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Heart-specific Laminin Isoform Aids Cardiovascular Progenitor Generation for Cardiac Therapy

Review of “In Vivo Generation of Post-infarct Human Cardiac Muscle by Laminin-Promoted Cardiovascular Progenitors” from Cell Reports by Stuart P. Atkinson

Researchers from the laboratory of Karl Tryggvason (Karolinska Institute, Stockholm, Sweden) have previously reported on the generation and characterization of basement membrane laminin isoforms that can promote stem cell differentiation in vitro [1-3]. In their new Cell Reports article, Yap et al. aimed to discover if specific laminin isoforms could foster the generation of cardiovascular progenitors from human pluripotent stem cells (hPSCs) as part of a reproducible, defined, and xeno-free differentiation protocol [4]. The hope is that cardiovascular progenitors generated by the means can be transplanted into the injured human heart where they will mature into cardiomyocytes and contribute towards cardiac regeneration. Unfortunately, current strategies that employ the transplantation of hPSC-derived cardiomyocytes themselves have faced the appearance of arrhythmias that compromise heart function [5, 6].

Initial analyses of laminin expression data derived from the human left heart ventricle of non-diseased human donors [7] identified LN-221 as the most abundantly expressed basement membrane laminin in the human heart. Fascinatingly, human embryonic stem cells cultured on a substrate containing LN-221 displayed an increased propensity to differentiate towards the cardiomyocyte lineage alongside a reduction in the expression of genes that promote teratoma/tumor formation. With this knowledge in mind, the authors next developed a fully chemically defined and xeno-free LN-221-based hPSC differentiation protocol for cardiomyocytes and employed both bulk and single-cell RNA sequencing to prove the highly reproducible nature of the protocol. 

The subsequent transcriptional analyses permitted the authors to identify a time point related to cardiovascular progenitor emergence, allowing the identification of three main progenitor subpopulations. Encouragingly, following injection into an acutely infarcted region of mouse heart, isolated cardiovascular progenitors proliferated and matured to form striated human cardiac muscle fibrils that survived in the heart long term, stimulated endogenous endothelial proliferation to prompt neovascularization in the infarcted region, restored contractile function to the myocardium, and attenuated the deformation of the left ventricle. Importantly, the study failed to report tumorigenicity of the cardiovascular progenitors based on whole-body imaging and histological analyses.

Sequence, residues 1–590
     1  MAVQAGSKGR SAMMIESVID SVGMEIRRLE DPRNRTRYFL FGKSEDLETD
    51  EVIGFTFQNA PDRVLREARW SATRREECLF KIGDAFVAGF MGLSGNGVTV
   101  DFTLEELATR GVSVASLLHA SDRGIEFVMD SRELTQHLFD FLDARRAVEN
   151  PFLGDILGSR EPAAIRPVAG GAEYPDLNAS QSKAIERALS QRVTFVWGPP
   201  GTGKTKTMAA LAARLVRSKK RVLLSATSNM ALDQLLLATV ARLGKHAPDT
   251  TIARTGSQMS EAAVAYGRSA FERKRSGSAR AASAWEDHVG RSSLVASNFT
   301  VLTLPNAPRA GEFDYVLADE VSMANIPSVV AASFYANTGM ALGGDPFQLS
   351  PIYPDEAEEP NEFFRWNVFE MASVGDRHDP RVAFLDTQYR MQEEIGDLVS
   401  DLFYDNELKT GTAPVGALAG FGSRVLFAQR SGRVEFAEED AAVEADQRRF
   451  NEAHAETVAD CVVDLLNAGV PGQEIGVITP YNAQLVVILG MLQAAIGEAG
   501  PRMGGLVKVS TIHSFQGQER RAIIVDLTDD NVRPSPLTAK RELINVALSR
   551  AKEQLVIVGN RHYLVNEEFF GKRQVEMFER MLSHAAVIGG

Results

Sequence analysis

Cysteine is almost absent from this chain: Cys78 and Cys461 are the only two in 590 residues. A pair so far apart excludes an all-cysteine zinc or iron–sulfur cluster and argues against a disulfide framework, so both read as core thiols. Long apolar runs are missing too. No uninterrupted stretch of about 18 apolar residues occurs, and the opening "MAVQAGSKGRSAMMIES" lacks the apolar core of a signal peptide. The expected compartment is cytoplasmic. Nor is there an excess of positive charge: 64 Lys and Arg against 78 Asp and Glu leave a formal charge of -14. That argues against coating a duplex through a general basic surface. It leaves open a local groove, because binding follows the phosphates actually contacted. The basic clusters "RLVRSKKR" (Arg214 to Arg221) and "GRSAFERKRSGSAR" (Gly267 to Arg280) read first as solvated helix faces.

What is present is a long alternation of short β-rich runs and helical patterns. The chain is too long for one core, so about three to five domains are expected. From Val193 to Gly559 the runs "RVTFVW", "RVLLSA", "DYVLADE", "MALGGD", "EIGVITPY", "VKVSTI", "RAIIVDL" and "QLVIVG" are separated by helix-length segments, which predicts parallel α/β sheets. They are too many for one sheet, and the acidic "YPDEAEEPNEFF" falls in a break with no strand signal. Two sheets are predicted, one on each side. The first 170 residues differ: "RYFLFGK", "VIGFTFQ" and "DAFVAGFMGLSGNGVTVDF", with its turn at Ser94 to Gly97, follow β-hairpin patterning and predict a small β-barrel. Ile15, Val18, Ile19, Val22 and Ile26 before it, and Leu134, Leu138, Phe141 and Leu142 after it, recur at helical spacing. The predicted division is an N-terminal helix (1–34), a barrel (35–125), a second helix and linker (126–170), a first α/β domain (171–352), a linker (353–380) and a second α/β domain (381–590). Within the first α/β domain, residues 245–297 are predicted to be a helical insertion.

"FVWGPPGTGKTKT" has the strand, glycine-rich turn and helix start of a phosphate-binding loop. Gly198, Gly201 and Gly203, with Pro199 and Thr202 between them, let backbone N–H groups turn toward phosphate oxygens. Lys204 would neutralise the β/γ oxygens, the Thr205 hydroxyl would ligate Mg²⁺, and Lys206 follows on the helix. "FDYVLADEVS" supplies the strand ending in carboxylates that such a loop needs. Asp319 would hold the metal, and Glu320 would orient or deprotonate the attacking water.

The authors propose that this newly described method, the transplantation of cardiovascular progenitors derived from hPSCs cultured on an LN-221-based growth substrate, may represent a clinically applicable therapeutic strategy to heart injury. However, while cardiovascular progenitors appear to be the optimal cell types for cardiac regeneration, future work from the team aims to delineate the relevance of the three different progenitor subtypes and whether one or more may represent a better means to grow new heart muscle in vivo.

To find out more on the future of this promising new approach to the treatment of heart disease/injury, stay tuned to the Stem Cells Portal!

References

  1. Nguyen Mien TX, Okina E, Chai X, et al., Differentiation of Human Embryonic Stem Cells to Endothelial Progenitor Cells on Laminins in Defined and Xeno-free Systems. Stem Cell Reports 2016;7:802-816.
  2. Sigmundsson K, Ojala JRM, Ohman MK, et al., Culturing functional pancreatic islets on alpha5-laminins and curative transplantation to diabetic mice. Matrix Biology 2018;70:5-19.
  3. Tjin MS, Chua AWC, Moreno-Moral A, et al., Biologically relevant laminin as chemically defined and fully human platform for human epidermal keratinocyte culture. Nature Communications 2018;9:4432.
  4. Yap L, Wang J-W, Moreno-Moral A, et al., In Vivo Generation of Post-infarct Human Cardiac Muscle by Laminin-Promoted Cardiovascular Progenitors. Cell Reports 2019;26:3231-3245.e9.
  5. Chong JJ, Yang X, Don CW, et al., Human embryonic-stem-cell-derived cardiomyocytes regenerate non-human primate hearts. Nature 2014;510:273-7.
  6. Liu YW, Chen B, Yang X, et al., Human embryonic stem cell-derived cardiomyocytes restore function in infarcted hearts of non-human primates. Nature Biotechnology 2018;36:597-605.
  7. Heinig M, Adriaens ME, Schafer S, et al., Natural genetic variation of the cardiac transcriptome in non-diseased donors and patients with dilated cardiomyopathy. Genome Biology 2017;18:170.